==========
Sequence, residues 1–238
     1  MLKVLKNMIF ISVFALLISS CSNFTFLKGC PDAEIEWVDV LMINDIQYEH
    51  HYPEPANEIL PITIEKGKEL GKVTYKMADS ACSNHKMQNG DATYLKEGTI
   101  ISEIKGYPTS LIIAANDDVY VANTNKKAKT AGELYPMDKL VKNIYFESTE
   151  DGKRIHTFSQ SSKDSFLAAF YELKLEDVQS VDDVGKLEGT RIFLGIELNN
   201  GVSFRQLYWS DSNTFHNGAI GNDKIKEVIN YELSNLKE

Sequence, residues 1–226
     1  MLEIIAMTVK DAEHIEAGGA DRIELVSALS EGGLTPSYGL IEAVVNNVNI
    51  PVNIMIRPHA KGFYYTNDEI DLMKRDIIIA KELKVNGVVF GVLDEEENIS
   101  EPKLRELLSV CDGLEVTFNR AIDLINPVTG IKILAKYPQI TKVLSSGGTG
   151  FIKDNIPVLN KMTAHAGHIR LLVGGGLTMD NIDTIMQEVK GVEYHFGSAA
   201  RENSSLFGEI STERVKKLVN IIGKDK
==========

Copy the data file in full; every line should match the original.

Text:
Sequence, residues 1–238
     1  MLKVLKNMIF ISVFALLISS CSNFTFLKGC PDAEIEWVDV LMINDIQYEH
    51  HYPEPANEIL PITIEKGKEL GKVTYKMADS ACSNHKMQNG DATYLKEGTI
   101  ISEIKGYPTS LIIAANDDVY VANTNKKAKT AGELYPMDKL VKNIYFESTE
   151  DGKRIHTFSQ SSKDSFLAAF YELKLEDVQS VDDVGKLEGT RIFLGIELNN
   201  GVSFRQLYWS DSNTFHNGAI GNDKIKEVIN YELSNLKE

Sequence, residues 1–226
     1  MLEIIAMTVK DAEHIEAGGA DRIELVSALS EGGLTPSYGL IEAVVNNVNI
    51  PVNIMIRPHA KGFYYTNDEI DLMKRDIIIA KELKVNGVVF GVLDEEENIS
   101  EPKLRELLSV CDGLEVTFNR AIDLINPVTG IKILAKYPQI TKVLSSGGTG
   151  FIKDNIPVLN KMTAHAGHIR LLVGGGLTMD NIDTIMQEVK GVEYHFGSAA
   201  RENSSLFGEI STERVKKLVN IIGKDK